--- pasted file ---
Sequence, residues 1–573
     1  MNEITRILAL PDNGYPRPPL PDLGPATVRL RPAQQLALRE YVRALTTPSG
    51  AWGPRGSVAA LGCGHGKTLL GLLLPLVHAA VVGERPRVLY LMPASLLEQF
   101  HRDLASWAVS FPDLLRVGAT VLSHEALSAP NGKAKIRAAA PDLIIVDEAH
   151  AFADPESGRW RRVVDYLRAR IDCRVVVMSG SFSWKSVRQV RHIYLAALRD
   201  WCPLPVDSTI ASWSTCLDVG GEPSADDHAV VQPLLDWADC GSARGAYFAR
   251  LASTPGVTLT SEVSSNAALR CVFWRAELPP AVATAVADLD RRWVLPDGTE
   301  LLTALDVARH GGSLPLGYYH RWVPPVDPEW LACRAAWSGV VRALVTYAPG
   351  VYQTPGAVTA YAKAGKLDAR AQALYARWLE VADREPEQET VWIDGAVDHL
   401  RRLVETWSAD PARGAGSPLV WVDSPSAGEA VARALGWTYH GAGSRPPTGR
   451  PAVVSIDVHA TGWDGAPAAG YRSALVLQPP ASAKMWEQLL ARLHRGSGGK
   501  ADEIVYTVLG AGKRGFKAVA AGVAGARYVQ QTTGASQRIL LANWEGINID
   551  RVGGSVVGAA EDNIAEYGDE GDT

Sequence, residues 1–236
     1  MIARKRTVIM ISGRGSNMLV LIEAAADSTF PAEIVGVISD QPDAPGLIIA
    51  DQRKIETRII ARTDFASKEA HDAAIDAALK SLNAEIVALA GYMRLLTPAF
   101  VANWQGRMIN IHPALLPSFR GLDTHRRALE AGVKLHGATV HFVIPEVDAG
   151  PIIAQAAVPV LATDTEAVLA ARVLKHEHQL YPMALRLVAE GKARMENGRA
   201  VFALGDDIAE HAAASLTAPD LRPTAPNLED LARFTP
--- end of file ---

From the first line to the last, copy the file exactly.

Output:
Sequence, residues 1–573
     1  MNEITRILAL PDNGYPRPPL PDLGPATVRL RPAQQLALRE YVRALTTPSG
    51  AWGPRGSVAA LGCGHGKTLL GLLLPLVHAA VVGERPRVLY LMPASLLEQF
   101  HRDLASWAVS FPDLLRVGAT VLSHEALSAP NGKAKIRAAA PDLIIVDEAH
   151  AFADPESGRW RRVVDYLRAR IDCRVVVMSG SFSWKSVRQV RHIYLAALRD
   201  WCPLPVDSTI ASWSTCLDVG GEPSADDHAV VQPLLDWADC GSARGAYFAR
   251  LASTPGVTLT SEVSSNAALR CVFWRAELPP AVATAVADLD RRWVLPDGTE
   301  LLTALDVARH GGSLPLGYYH RWVPPVDPEW LACRAAWSGV VRALVTYAPG
   351  VYQTPGAVTA YAKAGKLDAR AQALYARWLE VADREPEQET VWIDGAVDHL
   401  RRLVETWSAD PARGAGSPLV WVDSPSAGEA VARALGWTYH GAGSRPPTGR
   451  PAVVSIDVHA TGWDGAPAAG YRSALVLQPP ASAKMWEQLL ARLHRGSGGK
   501  ADEIVYTVLG AGKRGFKAVA AGVAGARYVQ QTTGASQRIL LANWEGINID
   551  RVGGSVVGAA EDNIAEYGDE GDT

Sequence, residues 1–236
     1  MIARKRTVIM ISGRGSNMLV LIEAAADSTF PAEIVGVISD QPDAPGLIIA
    51  DQRKIETRII ARTDFASKEA HDAAIDAALK SLNAEIVALA GYMRLLTPAF
   101  VANWQGRMIN IHPALLPSFR GLDTHRRALE AGVKLHGATV HFVIPEVDAG
   151  PIIAQAAVPV LATDTEAVLA ARVLKHEHQL YPMALRLVAE GKARMENGRA
   201  VFALGDDIAE HAAASLTAPD LRPTAPNLED LARFTP